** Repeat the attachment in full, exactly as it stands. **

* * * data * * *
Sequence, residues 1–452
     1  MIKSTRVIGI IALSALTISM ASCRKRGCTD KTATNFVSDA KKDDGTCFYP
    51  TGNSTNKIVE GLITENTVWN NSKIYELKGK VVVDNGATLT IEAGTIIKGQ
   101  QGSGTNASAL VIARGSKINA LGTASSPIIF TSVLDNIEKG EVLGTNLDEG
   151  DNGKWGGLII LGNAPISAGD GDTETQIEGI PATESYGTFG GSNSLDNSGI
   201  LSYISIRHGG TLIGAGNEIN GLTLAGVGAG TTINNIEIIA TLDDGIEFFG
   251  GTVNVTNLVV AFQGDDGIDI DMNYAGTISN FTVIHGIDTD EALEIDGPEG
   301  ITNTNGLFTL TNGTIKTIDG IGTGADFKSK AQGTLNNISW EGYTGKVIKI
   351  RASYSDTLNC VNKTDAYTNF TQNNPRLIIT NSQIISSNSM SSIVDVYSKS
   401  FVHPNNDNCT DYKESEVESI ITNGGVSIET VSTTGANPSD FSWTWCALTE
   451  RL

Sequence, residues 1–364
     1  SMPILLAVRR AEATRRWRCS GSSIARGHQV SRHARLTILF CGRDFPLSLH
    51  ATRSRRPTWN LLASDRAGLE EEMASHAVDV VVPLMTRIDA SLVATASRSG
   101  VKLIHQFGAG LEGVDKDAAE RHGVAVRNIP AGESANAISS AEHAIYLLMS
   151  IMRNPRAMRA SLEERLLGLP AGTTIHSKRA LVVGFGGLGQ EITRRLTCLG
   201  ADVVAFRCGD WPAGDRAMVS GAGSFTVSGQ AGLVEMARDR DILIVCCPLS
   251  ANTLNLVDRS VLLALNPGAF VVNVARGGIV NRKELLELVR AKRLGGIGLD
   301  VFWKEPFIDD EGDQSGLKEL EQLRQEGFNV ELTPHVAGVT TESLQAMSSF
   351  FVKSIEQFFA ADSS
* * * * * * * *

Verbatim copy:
Sequence, residues 1–452
     1  MIKSTRVIGI IALSALTISM ASCRKRGCTD KTATNFVSDA KKDDGTCFYP
    51  TGNSTNKIVE GLITENTVWN NSKIYELKGK VVVDNGATLT IEAGTIIKGQ
   101  QGSGTNASAL VIARGSKINA LGTASSPIIF TSVLDNIEKG EVLGTNLDEG
   151  DNGKWGGLII LGNAPISAGD GDTETQIEGI PATESYGTFG GSNSLDNSGI
   201  LSYISIRHGG TLIGAGNEIN GLTLAGVGAG TTINNIEIIA TLDDGIEFFG
   251  GTVNVTNLVV AFQGDDGIDI DMNYAGTISN FTVIHGIDTD EALEIDGPEG
   301  ITNTNGLFTL TNGTIKTIDG IGTGADFKSK AQGTLNNISW EGYTGKVIKI
   351  RASYSDTLNC VNKTDAYTNF TQNNPRLIIT NSQIISSNSM SSIVDVYSKS
   401  FVHPNNDNCT DYKESEVESI ITNGGVSIET VSTTGANPSD FSWTWCALTE
   451  RL

Sequence, residues 1–364
     1  SMPILLAVRR AEATRRWRCS GSSIARGHQV SRHARLTILF CGRDFPLSLH
    51  ATRSRRPTWN LLASDRAGLE EEMASHAVDV VVPLMTRIDA SLVATASRSG
   101  VKLIHQFGAG LEGVDKDAAE RHGVAVRNIP AGESANAISS AEHAIYLLMS
   151  IMRNPRAMRA SLEERLLGLP AGTTIHSKRA LVVGFGGLGQ EITRRLTCLG
   201  ADVVAFRCGD WPAGDRAMVS GAGSFTVSGQ AGLVEMARDR DILIVCCPLS
   251  ANTLNLVDRS VLLALNPGAF VVNVARGGIV NRKELLELVR AKRLGGIGLD
   301  VFWKEPFIDD EGDQSGLKEL EQLRQEGFNV ELTPHVAGVT TESLQAMSSF
   351  FVKSIEQFFA ADSS